It’s not impossible. It’s not easy either, but it is possible that you might get to a point in your ministry when you have enough volunteers.
At almost every kids ministry conference, breakouts on recruiting and keeping volunteers are almost always full. Many key voices in ministry have written books on the topic. My hope is that you find something new in this post that you’ve never seen before. I also hope that you might find the formula that works best for you in your church. Aim high and trust God. His resources are limitless.
My hope is that you have more volunteers than you need.
Let’s start with this; Volunteers Make Things Click. It’s a truth as well as an easy way to remember these four values. Take the first letter of each word in the phrase and use the following foundational values for the volunteer process in your church. Try to hit each one of these or the system gets wobbly. V. M. T. C.
This is critical. What’s this look like on the other side? Do you want one leader for every kid? Isn’t that ideal? Maybe. What if you had one leader for every 10 kids? Seems low. But what if those leaders are the “I’m all in” kind of leaders that show up early and leave late for everything you do? Only you can determine what you need, or better yet, what God can use. Cast this vision. Be reminded that God normally accomplishes His will with much less than we think is necessary or even possible. Write down HOW MANY volunteers you need and WHEN you need them. Ask others to pray for these specifics. Utilize students. Consider putting new or even non-believers in non-teaching roles. Before you over spiritualize only using believers, consider the multiple people that Jesus used during His ministry to do profound things.
It’s also important to remember that people don’t follow people, they follow vision … or people WITH vision. Continually share it and recruit for it.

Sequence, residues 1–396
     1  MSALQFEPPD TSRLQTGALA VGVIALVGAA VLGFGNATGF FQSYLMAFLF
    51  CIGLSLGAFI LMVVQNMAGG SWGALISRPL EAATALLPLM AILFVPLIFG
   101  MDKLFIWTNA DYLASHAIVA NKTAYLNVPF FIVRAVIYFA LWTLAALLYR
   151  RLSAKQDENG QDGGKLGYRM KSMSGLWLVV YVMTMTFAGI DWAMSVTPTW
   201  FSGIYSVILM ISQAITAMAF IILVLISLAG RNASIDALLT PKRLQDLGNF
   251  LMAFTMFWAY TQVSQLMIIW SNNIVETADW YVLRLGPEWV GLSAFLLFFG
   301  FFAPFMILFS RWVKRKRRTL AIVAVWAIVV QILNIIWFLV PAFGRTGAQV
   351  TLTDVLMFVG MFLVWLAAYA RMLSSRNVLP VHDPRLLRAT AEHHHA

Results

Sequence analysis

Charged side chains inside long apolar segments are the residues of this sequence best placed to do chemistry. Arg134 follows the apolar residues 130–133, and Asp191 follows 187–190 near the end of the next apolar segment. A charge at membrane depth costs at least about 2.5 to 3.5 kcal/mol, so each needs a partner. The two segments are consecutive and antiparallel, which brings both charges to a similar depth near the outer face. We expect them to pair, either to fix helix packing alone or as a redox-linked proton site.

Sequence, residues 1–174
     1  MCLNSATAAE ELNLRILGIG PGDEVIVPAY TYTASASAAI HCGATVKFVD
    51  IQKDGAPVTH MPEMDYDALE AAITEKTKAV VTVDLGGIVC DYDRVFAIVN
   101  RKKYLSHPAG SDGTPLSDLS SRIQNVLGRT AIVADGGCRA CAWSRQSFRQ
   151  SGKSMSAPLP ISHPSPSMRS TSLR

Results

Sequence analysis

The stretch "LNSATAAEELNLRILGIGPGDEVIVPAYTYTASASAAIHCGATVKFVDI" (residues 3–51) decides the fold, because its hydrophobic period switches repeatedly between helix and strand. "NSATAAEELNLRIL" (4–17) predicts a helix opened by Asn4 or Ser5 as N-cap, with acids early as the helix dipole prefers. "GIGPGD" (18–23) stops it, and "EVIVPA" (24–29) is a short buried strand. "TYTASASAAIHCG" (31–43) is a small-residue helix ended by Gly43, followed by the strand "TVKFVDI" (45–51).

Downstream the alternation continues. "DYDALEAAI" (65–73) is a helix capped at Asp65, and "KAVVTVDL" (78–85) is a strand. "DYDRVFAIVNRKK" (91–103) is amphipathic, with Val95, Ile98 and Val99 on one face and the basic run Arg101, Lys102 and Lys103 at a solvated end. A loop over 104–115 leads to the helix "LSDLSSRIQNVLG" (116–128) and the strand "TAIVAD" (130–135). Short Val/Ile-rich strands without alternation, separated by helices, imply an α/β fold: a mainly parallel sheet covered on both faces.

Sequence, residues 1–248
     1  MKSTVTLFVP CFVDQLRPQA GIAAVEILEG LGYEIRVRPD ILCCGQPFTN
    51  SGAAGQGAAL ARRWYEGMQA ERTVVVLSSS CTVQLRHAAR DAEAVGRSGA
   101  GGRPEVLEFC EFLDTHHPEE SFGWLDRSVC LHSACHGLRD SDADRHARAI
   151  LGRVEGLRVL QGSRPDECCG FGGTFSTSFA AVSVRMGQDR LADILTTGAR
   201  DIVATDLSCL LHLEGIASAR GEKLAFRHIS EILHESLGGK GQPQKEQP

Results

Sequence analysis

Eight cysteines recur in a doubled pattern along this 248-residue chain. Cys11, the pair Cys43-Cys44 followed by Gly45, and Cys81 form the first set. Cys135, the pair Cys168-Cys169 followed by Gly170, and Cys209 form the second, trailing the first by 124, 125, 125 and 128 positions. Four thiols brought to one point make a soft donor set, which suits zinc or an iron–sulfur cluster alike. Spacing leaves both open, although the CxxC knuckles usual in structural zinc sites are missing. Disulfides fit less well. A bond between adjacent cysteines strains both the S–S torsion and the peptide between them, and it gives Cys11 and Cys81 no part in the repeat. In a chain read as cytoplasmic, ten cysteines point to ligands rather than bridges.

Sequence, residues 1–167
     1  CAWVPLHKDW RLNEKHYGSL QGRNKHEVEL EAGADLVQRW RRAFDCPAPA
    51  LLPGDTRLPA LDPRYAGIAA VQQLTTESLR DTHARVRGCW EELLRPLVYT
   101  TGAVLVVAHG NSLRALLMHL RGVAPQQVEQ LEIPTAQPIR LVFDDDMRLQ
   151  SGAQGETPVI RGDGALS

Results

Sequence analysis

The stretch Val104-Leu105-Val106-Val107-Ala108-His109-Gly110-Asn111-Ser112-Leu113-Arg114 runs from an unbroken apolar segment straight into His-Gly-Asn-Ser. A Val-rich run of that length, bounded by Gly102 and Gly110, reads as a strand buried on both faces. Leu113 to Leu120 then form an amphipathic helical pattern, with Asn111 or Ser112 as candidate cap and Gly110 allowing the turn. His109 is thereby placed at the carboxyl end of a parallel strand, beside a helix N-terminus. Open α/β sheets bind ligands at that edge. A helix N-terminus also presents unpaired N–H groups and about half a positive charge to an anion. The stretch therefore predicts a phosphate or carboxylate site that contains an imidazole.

If I lived in your neighborhood and you asked me to help you cut your yard, I would be reluctant. What’s in it for me? You might say that I get to live next to the prettiest yard around? Ehhh. I’d find a reason not to help you. What if you said that our neighborhood might get a free cookout if your yard wins a yard-beauty contest? Well, maybe, but still, I’m not into cookouts. But what if you changed your question? What if you asked if I would mind helping you cut the yard of the lady next door … the single mom who barely gets home before dark each day? That’s a mission! I’d jump in. I’d want to see that mom’s face the first time she pulls up in her driveway and her yard is finely manicured!
Don’t merely call on the people in your church to serve in your ministry because a need exists. Don’t even bait them with the cool factor. Call them to go on a mission with you to serve families in great need. Call them to go on a mission trip without leaving the walls of your church building. (That might come later!) Kids need Jesus. Families need faith. We all want to see the faces of those families that God has used us to reach when they enter into eternal life.
People are more likely to walk with you on a God-sized mission than to step into a church-sized ministry. Don’t be afraid to ask for more. Most people want to be asked. BE the “crazy kid person.”
These next two will help you to RETAIN the volunteers that you recruit.
Express gratitude consistently and constantly. Take a note from the apostle Paul and thank God for those with whom you serve. Do it publicly. Do it personally. Do it en mass, annually. Remind them that we are all serving the Lord together. Tell stories. When a leader knows that they were part of a child or family’s eternal transformation, they will be back for more.
Leave no room for surprise or expectations in your volunteers. Even if you, like me, are not the most organized leader, your volunteers need to feel like they are of prime importance to you and are not only “in the loop,” but “insiders” in your ministry. Let them take the lead. Let them be the stewards of the ministry that God is doing.
Test question for whether you are on track; If you left your church next week, would your volunteers carry on every component (at least for a season) without you? That’s what we’re going for here.
Oh yeah; wash, rinse, and repeat. Don’t ever stop this process. Don’t make recruiting a seasonal occurrence. Make it a permanent passion.
Jeffrey Reed serves as a Kids Ministry Specialist for Lifeway Kids. He has served as a worship leader, director of children’s ministry, and on the executive leadership in several growing congregations. He, his wife Katherine, and their four kids live in Spring Hill, Tennessee where they serve each week in their church’s Kids Ministry.
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